Shared services can make IT faster, better and cheaper. So why aren’t more local governments doing it?
Editor’s Note: The Digital Communities Special Report, which appears twice a year in Government Technology magazine, offers in-depth coverage for local government leaders and technology professionals. It is part of the Digital Communities program, a network of public- and private-sector IT professionals working to improve local governments’ delivery of public service through the use of technology. The program — a partnership between Government Technology and e.Republic’s Center for Digital Government — consists of task forces that meet online and in person to exchange information on important issues facing local government leaders and technologists.
The concept of shared services has been around since the era of mainframe computers. Since then, the concept has remained firmly entrenched at some levels of government. At the federal level, shared IT services is a key strategy among many agencies. States have also made shared services a priority, ranking it as their first or second top IT priority, according to the Center for Digital Government (CDG). But when it comes to cities and counties, the strategy ranks low or not at all in recent surveys from the CDG. “While there are some innovative examples of shared services happening in some of the more progressive cities and counties, when you look at the numbers nationally, there are thousands of cities, counties and towns that are doing nothing,” said Roy Mathew, a partner with Deloitte Consulting.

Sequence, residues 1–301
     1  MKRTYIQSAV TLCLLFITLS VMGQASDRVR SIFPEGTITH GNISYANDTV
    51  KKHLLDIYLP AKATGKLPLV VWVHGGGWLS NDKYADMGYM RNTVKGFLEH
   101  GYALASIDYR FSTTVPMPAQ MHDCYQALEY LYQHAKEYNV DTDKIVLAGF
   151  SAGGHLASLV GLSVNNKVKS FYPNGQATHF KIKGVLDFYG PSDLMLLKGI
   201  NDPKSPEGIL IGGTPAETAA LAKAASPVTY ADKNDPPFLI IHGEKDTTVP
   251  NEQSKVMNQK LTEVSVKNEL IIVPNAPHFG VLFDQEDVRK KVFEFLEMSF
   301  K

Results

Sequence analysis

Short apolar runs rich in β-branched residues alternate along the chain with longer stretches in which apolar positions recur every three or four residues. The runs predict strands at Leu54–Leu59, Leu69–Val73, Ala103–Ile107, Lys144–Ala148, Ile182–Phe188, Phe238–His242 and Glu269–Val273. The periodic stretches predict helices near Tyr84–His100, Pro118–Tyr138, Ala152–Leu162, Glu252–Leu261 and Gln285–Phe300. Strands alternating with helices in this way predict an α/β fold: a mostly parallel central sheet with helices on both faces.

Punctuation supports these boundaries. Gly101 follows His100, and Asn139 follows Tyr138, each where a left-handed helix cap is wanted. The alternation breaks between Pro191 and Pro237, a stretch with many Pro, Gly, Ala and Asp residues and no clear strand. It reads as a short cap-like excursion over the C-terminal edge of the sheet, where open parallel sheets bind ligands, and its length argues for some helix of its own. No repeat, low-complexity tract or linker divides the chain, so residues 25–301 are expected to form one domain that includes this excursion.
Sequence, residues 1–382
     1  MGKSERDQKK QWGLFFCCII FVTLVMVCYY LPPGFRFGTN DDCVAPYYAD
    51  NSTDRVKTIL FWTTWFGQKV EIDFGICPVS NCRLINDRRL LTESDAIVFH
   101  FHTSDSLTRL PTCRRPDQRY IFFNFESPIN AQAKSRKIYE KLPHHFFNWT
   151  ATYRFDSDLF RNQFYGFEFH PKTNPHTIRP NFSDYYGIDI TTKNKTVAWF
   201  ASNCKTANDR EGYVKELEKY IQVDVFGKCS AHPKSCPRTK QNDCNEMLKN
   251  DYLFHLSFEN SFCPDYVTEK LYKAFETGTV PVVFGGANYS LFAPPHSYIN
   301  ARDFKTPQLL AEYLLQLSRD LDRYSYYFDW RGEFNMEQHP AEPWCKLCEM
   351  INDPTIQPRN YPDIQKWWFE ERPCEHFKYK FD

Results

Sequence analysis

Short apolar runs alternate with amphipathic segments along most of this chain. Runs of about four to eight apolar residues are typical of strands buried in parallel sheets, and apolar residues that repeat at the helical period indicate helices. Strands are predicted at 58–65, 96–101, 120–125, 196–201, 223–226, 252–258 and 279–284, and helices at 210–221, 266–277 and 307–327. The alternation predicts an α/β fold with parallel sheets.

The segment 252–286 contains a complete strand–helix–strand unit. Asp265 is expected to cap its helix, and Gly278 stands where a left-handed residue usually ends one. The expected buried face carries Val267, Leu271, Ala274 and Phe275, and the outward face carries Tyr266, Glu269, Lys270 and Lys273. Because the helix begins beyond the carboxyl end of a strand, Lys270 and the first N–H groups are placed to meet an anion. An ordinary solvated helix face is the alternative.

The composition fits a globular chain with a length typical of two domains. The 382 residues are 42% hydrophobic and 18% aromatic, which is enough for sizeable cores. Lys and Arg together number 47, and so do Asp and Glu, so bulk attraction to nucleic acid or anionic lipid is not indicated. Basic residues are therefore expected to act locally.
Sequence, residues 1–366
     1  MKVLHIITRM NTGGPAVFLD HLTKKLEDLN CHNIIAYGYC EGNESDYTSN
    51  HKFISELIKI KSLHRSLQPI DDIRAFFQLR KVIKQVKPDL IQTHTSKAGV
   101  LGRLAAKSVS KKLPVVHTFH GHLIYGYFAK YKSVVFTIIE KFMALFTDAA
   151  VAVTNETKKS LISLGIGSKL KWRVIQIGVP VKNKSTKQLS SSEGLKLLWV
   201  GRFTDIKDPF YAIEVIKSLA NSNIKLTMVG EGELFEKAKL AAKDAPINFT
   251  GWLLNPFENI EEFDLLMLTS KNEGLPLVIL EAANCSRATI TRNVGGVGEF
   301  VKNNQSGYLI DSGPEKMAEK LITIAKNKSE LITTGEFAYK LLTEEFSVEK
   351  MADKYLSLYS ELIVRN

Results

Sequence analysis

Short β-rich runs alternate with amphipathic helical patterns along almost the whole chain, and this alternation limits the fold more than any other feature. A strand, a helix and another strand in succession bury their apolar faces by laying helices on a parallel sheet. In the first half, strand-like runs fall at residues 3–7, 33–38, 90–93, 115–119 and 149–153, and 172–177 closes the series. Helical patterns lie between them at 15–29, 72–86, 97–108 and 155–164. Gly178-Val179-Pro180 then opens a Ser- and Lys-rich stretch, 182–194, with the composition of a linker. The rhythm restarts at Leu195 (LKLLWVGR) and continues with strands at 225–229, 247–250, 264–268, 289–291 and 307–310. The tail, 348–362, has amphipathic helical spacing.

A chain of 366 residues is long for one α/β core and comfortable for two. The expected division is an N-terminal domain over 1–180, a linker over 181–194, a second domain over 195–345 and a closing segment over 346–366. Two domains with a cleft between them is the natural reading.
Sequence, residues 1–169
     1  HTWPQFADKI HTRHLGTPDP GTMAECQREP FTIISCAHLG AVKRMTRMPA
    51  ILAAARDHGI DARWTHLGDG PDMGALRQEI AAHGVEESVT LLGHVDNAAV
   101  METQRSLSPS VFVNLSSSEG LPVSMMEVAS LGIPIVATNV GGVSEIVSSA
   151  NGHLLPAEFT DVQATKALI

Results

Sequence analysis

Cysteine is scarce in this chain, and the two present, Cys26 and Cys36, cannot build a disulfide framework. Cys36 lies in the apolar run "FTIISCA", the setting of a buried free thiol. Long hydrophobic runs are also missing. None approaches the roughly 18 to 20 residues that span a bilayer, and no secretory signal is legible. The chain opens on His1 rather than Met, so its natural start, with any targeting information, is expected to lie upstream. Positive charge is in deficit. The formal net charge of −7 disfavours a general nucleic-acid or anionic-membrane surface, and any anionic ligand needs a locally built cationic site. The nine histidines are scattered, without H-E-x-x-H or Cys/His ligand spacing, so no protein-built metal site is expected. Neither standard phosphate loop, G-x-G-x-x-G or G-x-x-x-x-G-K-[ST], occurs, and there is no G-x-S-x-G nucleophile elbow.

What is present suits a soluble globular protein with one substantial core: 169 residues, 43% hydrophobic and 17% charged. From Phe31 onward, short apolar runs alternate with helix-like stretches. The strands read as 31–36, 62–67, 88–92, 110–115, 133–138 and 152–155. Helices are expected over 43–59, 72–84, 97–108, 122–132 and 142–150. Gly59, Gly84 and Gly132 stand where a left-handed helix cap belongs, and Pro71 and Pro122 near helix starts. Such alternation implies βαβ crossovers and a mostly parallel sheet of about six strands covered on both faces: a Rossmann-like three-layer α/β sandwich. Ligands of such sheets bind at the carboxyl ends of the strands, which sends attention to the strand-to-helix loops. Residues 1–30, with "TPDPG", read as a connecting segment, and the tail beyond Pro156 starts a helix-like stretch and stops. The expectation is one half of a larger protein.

That’s a problem because shared services helps local governments in two important ways: First, it reduces the cost burden of common information technologies, from infrastructure, such as networks and servers, to applications, such as email, geospatial information, content management and enterprise resource planning software programs; second, it provides smaller governments a way to gain access to new advances in technology that can help cities and counties do the same thing faster, better and cheaper. “Given how technology evolves, local governments are always looking for ways to improve efficiency,” said Mathew.
Whether it’s cloud computing, mobile applications, open data platforms or social media, technology has much to offer cash-strapped cities and counties. The concept of sharing can extend beyond infrastructure and core applications to include the sharing of IT talent. Organizations are beginning to tap into options like chief information security officer (CISO)-as-a-service and fractional CIOs to gain critical IT management skills on demand. Part one of this series examines current practices of shared IT services at the local level and the challenges that can impede their growth.